Tokyo-based Fintertech Co., which is under major brokerage Daiwa Securities Group Inc., runs a loan service based on crypto assets used as collateral, and it said its business has benefitted from the recent trend.
The firm launched its business about a year ago, mainly targeting startups that were investing in cryptocurrencies.
Those investors don’t intend to sell their crypto assets yet, since they believe that their values will continue to rise. At the same time, they also want to somehow utilize the swelling values for their businesses.
In response, Fintertech started its loan services that allow borrowers to use their virtual currencies as collateral.
“Our clients are happy with our services because they can take advantage of their crypto assets to improve the efficiency of capital,” said Kazuya Aihara, who leads the firm’s digital asset group.
He added that the sharp increase in the value of cryptocurrencies over the past several months has been driving the business, prompting clients to borrow more money.
“Since the value of their collateral has gone up, they can borrow more without adding more collateral,” he said.
Aihara added that this business model harnesses know-how regarding the securities-based loans that Daiwa Securities had already been offering. Daiwa has established trust within the financial industry, so clients know that they are not dealing with an amateur firm.
For cryptocurrencies to take root, they need to be more integrated into financial services, Aihara said.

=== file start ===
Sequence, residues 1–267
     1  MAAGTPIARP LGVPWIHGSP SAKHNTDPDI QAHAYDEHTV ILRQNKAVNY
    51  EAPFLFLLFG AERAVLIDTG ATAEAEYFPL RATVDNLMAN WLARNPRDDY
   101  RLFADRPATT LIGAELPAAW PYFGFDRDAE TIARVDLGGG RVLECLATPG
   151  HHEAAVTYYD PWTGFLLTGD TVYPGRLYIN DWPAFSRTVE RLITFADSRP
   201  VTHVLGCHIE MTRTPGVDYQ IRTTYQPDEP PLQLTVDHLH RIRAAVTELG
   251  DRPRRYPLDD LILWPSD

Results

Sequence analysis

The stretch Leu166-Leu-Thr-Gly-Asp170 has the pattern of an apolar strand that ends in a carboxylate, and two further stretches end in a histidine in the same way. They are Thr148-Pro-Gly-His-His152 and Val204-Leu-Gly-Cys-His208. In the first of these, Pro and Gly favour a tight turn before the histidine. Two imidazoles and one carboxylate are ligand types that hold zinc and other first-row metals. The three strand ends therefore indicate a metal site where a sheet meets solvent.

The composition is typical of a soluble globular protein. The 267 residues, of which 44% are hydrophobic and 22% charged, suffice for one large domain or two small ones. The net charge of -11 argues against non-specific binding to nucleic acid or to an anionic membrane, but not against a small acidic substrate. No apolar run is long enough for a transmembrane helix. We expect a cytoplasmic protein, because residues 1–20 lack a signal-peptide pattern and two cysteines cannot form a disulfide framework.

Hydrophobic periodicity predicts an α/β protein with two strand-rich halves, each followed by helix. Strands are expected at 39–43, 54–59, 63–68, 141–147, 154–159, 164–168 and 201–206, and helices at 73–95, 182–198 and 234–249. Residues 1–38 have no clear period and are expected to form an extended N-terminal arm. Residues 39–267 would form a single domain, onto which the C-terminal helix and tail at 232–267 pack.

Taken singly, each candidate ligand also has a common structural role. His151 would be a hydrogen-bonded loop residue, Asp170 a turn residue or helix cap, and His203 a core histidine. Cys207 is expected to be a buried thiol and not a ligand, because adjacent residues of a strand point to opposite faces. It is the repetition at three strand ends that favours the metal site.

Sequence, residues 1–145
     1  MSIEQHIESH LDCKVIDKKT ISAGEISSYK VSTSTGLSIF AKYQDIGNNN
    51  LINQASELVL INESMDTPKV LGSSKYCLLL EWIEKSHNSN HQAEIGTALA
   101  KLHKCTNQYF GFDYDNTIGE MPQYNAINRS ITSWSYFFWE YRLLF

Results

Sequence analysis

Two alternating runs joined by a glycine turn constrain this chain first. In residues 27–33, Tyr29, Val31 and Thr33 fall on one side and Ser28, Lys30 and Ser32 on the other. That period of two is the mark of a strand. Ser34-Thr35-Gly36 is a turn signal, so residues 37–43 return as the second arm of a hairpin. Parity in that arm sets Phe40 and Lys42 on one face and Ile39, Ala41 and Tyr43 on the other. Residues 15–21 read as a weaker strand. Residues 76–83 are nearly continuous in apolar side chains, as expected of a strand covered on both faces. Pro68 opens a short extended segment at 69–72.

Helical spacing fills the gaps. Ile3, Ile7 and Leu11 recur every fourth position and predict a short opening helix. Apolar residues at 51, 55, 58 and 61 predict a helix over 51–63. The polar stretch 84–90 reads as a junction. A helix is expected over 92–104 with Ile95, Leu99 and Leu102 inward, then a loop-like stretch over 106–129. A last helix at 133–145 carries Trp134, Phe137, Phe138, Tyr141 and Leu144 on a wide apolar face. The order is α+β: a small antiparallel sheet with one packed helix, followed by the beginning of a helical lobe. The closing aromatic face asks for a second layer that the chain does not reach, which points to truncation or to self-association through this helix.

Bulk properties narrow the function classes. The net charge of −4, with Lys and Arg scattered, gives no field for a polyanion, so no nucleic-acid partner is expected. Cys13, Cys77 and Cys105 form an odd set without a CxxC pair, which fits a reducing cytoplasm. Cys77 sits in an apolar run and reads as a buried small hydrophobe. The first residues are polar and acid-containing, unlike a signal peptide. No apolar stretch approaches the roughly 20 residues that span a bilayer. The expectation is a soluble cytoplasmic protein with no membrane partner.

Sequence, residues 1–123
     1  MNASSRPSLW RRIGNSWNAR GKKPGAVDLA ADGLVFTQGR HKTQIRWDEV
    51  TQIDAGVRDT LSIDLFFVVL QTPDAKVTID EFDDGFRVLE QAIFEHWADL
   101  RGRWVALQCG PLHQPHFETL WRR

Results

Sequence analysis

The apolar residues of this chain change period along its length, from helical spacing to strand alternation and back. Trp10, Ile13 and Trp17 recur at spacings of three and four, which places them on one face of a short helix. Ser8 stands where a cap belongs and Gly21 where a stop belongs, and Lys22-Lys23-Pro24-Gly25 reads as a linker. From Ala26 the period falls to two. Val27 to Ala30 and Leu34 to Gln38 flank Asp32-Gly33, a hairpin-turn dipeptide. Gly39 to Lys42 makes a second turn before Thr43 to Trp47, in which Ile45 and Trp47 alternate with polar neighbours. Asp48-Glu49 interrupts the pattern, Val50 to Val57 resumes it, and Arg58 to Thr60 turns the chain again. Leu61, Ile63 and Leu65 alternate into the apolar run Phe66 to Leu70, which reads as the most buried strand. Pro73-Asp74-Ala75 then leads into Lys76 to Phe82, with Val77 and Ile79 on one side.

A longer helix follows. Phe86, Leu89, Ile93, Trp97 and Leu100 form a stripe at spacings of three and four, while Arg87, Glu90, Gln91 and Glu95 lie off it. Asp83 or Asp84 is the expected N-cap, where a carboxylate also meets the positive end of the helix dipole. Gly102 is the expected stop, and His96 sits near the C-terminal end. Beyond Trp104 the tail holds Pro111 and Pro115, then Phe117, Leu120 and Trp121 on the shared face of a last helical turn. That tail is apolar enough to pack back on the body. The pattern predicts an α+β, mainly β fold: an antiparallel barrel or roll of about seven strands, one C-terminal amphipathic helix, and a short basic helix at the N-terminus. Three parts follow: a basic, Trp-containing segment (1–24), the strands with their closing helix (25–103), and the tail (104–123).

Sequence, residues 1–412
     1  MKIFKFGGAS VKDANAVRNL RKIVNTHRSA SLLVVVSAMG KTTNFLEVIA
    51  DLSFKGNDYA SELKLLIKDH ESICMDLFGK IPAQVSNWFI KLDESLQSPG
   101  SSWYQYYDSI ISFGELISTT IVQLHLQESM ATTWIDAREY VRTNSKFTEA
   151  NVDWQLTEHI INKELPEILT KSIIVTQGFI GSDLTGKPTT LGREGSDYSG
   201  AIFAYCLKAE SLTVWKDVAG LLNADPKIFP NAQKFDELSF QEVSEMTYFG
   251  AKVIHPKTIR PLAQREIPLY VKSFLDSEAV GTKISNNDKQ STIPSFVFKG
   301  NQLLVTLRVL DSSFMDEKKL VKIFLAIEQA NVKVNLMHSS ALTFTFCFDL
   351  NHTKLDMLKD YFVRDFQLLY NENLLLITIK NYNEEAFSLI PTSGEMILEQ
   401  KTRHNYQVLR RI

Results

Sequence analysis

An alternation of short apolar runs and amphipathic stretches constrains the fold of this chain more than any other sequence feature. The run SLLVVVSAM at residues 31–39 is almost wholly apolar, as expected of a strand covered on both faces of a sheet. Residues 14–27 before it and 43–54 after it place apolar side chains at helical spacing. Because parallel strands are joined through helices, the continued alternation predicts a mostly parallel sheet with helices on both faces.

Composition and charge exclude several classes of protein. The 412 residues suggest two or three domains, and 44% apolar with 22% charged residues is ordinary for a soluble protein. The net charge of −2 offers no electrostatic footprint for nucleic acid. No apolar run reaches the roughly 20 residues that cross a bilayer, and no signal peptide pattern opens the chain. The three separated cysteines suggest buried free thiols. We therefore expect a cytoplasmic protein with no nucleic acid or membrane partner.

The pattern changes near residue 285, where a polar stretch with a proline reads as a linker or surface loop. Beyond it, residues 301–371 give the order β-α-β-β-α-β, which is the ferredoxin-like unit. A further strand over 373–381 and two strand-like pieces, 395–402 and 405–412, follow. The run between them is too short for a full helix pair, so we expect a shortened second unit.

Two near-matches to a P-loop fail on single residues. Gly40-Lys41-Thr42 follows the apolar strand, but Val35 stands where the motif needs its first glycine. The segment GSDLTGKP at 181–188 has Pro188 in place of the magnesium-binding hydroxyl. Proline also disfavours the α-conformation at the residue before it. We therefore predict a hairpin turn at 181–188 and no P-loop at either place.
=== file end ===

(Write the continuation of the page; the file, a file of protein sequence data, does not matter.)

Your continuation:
In Japan, cryptocurrencies are not officially recognized as financial assets, but “by accepting crypto assets as collateral, more people will start seeing them as financial assets. We’d like to accelerate this trend,” Aihara said. And now that the Japan’s crypto scene is emerging from its period of regulatory scrutiny, “I think Japan is finally ready to launch various new crypto-asset related services.”
The participation of institutional investors is key to market growth from now on, industry players said.
The U.S. has seen more institutional investors and large corporations, such as Third Point LLC, Tesla Inc. and Square Inc., jumping into the market, which has pushed up cryptocurrency values further, especially over the past six months or so.
The listing of Coinbase Global Inc., the largest cryptocurrency exchange in the U.S., on NASDAQ last month also highlighted the current boom, with its valuation reaching over $85 billion (¥9.25 trillion) in its debut.
The recent climb in value has brought an uplift to Japan’s cryptocurrency market and related businesses, but the participation of institutional investors and big corporations is still growing slowly. Although Coincheck has enjoyed a surge in its number of users, they are mostly individual investors. The reluctance of institutional investors to get involved partly stems from a number of uncertainties, such as those related to taxation and accounting, and consequently big Japanese investors appear to be taking a wait-and-see approach.
“U.S. and Japanese institutional investors are quite different,” said Otsuka. “Major Japanese institutional investors tend to seek stable returns. The U.S. has more investors, such as hedge funds, willing to take risks.”